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Geery, Moore Employ Buddy System

Kennedy High pitchers, teammates since childhood, are chasing another City title.


GRANADA HILLS — Life is full of inexplicable happenings, and one of those mysterious moments occurred in June at Dodger Stadium in the City Championship game.

Not even an episode of the "The X-Files" could come up with the scenario of Eric Moore and Adam Geery, best friends since playing in the same T-ball league as 4- and 5-year-olds, getting the chance to live out their ultimate baseball fantasies as sophomores in high school.

Moore delivered the game-winning two-out, two-run triple in the seventh inning and Geery threw the complete-game victory to lift Kennedy High past El Camino Real, 4-2.

Moore was selected the game's most valuable player and Geery was the tournament's MVP, all coming 11 years from the day the two launched their careers together at West Valley Little League.

"On that last pitch, me and him must have hugged through the whole pile," Geery said. "We were so happy together. We sat down and started crying. We dreamed about this when we were little. It was like our World Series."

It was a moment of extreme pressure, and each revealed plenty about themselves by the calm, confident manner in which they performed.

Moore and Geery are hoping to use the lessons learned from their Dodger Stadium experience to help Kennedy repeat as City champions this season.

"It was probably the best baseball experience I've had in my life," Moore said. "I still think about it a lot. It runs through my head over and over."

Moore didn't know he was going to start until the day of the City final. He had been promoted from junior varsity late in the season. His strength was pitching, but Kennedy didn't need his left arm. He was used as a designated hitter.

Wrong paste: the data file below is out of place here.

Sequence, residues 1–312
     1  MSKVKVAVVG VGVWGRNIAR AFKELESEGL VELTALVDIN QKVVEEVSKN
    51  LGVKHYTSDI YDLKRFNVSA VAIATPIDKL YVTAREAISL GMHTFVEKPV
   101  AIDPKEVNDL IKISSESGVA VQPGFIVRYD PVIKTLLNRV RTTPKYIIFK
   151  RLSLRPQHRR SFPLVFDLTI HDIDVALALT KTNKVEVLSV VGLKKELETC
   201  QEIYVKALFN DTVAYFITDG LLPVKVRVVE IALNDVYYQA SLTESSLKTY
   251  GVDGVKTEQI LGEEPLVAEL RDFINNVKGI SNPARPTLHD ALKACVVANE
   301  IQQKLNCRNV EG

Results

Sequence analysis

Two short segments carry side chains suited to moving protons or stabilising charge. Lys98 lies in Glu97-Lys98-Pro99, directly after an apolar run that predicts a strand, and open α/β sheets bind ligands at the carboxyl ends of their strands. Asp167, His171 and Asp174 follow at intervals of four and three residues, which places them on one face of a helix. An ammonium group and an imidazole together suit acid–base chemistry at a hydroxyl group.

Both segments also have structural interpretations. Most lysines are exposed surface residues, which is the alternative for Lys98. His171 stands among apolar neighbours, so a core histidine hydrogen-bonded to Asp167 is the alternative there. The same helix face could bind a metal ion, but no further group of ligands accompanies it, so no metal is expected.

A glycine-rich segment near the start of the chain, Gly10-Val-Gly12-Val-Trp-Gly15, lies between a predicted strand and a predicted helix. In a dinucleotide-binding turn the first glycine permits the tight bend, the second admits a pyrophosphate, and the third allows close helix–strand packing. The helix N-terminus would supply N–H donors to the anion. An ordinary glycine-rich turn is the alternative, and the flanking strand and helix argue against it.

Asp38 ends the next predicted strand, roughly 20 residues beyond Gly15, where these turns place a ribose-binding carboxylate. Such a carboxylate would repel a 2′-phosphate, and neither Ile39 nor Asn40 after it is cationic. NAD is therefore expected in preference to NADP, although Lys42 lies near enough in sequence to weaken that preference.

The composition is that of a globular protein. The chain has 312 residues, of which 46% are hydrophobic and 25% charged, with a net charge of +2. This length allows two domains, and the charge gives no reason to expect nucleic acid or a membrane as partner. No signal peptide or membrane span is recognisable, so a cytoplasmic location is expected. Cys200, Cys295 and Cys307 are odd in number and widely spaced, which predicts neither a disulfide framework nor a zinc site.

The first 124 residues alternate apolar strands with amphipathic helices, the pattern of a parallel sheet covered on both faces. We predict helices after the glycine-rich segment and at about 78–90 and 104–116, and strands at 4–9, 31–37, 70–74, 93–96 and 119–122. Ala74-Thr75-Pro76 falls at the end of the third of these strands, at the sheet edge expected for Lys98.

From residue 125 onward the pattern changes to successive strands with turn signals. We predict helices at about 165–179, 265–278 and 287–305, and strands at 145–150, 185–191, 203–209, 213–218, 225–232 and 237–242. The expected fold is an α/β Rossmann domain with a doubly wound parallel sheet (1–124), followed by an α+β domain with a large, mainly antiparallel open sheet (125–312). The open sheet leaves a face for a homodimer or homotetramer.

"He was a puppy," Coach Manny Alvarado said. "He was big-eyed and pretty surprised."

He came up in the top of the seventh inning in a 2-2 tie and hit a two-run triple to the wall in left-center field.

"All through the years, everyone always talks about those situations, that game-ending experience, and I had never been in one," Moore said. "It all comes down to one pitch. When I was in the dugout, I was thinking about it. All I was trying to do was focus and stay calm. We've been taught that way all our lives."

The two always played in the same youth leagues. Even when they moved as 9- and 10-year-olds, they somehow ended up living in the same area and playing on the same team. When it came to high school, both were certain they didn't want to play apart.

"We weren't going to go into high school without one another," Geery said. "We didn't want to play against each other because we want to win so bad."

Geery had far more high school experience than Moore. He had been playing varsity since his freshman year. He sent Kennedy to Dodger Stadium with a three-hitter against Banning in the semifinals. He was known for having "ice water in his veins."

"You're constantly challenging your players, 'Who wants the ball?' " Alvarado said. "[Adam] is the first guy to jump out of his chair, 'Me, me, me.' "

Geery struck out seven, walked none and ended the championship game by dropping to his knees and pointing to the sky to honor his late father.

Moore's success at Dodger Stadium provided a boost of confidence that can be seen on the mound today. During the summer and winter, he became Kennedy's most successful pitcher, using a curveball so nasty that lefties are usually left standing at the plate with a helpless feeling.

"He's developed into one of the greatest players in the Valley," Geery said. "He's going to come out there and shock a lot of people. I look at this guy how he's matured. I just smile at him all the time."

Playing at Dodger Stadium can be overwhelming to some, but Moore and Geery saw it as a unique classroom experience.

"It taught me how important it is to calm down and do what you have to do," Moore said. "When you're in that moment, you think what everyone has said to you through the years and it all makes sense."

Said Geery: "Once you get the taste of stepping onto the field, you want to go back. You feel all the energy, the crowd . . . it's the greatest feeling you've ever had."

Moore is looking forward to the challenge of being a defending City champion.

"I want teams to want us," he said. "I want them to pitch their best pitcher. I want teams to be out to get us. I want to see everyone's aces."

He's not being cocky--just confident. That's the magic of Dodger Stadium when you've played on its hallow grounds and triumphed as a 15-year-old.

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